7 Selling Mistakes You Don’t Want to Make

1. Pricing Your Property Too High

Every seller obviously wants to get the most money for his or her product. Ironically, the best way to do this is NOT to list your product at an excessively high price! A high listing price will cause some prospective buyers to lose interest before even seeing your property. Also, it may lead other buyers to expect more than what you have to offer. As a result, overpriced properties tend to take an unusually long time to sell, and they end up being sold at a lower price.

2. Mistaking Refinance Appraisals for the Market Value

Unfortunately, a refinance appraisal may have been stated at an untruthfully high price. Often, lenders estimate the value of your property to be higher than it actually is in order to encourage refinancing. The market value of your home could actually be lower. Your best bet is to ask your REALTOR® for the most recent information regarding property sales in your community. This will give you an up-to-date and factually accurate estimate of your property value.

3. Not Showcasing Your Home

In spite of how frequently this mistake is addressed and how simple it is to avoid, its prevalence is still widespread. When attempting to sell your home to prospective buyers, do not forget to make your home look as pleasant as possible. Make necessary repairs, clean, and make sure everything functions and looks presentable. A poorly kept home in need of repairs will surely lower the selling price of your property and will even turn away some buyers.

4. Being Present During Property Viewings

Purchasing a home is often an emotional and challenging task. Therefore, it’s crucial to give potential buyers the space they need to explore your property at their own pace. Avoid being present during viewings, as this may come off as high-pressure selling.

5. Trying to Sell to “Looky-Loos”

A prospective buyer who shows interest because of a ‘For Sale’ sign they saw may not really be interested in your property. Often buyers who do not come through a real estate agent are a good 6-9 months away from buying, and they are more interested in seeing what is out there than in actually making a purchase. They may not even be able to afford a house yet. Your real estate agent should be able to distinguish realistic potential buyers from mere lookers.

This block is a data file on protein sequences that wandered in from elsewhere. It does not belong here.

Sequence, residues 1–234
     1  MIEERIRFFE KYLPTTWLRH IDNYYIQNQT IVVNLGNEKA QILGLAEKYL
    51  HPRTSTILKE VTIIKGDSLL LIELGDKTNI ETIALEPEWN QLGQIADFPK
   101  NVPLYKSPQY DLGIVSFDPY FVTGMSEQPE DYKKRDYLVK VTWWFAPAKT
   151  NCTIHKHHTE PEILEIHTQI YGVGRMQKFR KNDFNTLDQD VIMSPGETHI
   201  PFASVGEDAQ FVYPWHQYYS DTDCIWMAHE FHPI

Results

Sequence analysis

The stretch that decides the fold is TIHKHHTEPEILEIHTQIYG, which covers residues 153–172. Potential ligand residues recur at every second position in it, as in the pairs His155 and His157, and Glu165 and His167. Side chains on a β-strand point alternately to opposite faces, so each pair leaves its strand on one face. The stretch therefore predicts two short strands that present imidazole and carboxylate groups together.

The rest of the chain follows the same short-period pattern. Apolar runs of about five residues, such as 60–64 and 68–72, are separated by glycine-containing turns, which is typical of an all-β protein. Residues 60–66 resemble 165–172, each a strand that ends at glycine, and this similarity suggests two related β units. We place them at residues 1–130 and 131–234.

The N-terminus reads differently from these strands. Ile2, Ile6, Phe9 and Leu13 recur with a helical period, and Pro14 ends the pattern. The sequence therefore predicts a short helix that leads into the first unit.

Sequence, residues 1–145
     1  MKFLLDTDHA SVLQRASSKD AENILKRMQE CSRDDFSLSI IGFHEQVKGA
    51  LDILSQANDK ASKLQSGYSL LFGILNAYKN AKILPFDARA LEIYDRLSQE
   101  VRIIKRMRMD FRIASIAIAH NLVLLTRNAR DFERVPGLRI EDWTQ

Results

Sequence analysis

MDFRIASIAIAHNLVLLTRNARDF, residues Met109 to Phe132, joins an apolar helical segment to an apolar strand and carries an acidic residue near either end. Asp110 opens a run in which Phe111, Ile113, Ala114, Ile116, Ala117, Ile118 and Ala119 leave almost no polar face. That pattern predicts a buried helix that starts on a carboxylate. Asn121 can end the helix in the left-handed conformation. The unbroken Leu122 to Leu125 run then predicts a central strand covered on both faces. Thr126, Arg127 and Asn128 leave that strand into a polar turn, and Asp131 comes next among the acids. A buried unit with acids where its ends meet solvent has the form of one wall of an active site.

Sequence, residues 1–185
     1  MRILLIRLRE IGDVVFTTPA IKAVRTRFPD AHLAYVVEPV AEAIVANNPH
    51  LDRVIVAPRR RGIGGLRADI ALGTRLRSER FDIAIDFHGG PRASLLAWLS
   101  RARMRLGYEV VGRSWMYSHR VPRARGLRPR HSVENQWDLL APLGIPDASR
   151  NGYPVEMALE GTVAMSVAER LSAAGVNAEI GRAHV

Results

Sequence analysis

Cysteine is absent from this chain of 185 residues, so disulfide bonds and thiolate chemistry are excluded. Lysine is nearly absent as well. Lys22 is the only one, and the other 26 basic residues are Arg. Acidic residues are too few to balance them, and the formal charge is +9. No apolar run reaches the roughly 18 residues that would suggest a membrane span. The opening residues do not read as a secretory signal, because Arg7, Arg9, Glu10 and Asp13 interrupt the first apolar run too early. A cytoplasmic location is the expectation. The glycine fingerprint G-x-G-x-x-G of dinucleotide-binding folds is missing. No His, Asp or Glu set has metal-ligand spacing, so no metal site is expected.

6. Not Knowing Your Rights & Responsibilities

It is extremely important that you are well-informed of the details in your real estate contract. Real estate contracts are legally binding documents, and they can often be complex and confusing. Not being aware of the terms in your contract could cost you thousands for repairs and inspections. Know what you are responsible for before signing the contract. Can the property be sold “as is”? How will deed restrictions and local zoning laws affect your transaction? Not knowing the answers to these kinds of questions could end up costing you a considerable amount of money.

7. Limiting the Marketing and Advertising of the Property

In today’s digital age, it’s not enough to just put a ‘For Sale’ sign in your front yard and wait for buyers to come to you. When it comes to selling your property, hiring a real estate agent that prioritizes various marketing channels can significantly enhance the visibility and appeal of your property. Expert agents are not only skilled negotiators but also proactive marketers with a variety of strategies in their toolboxes.

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Bernie Gallerani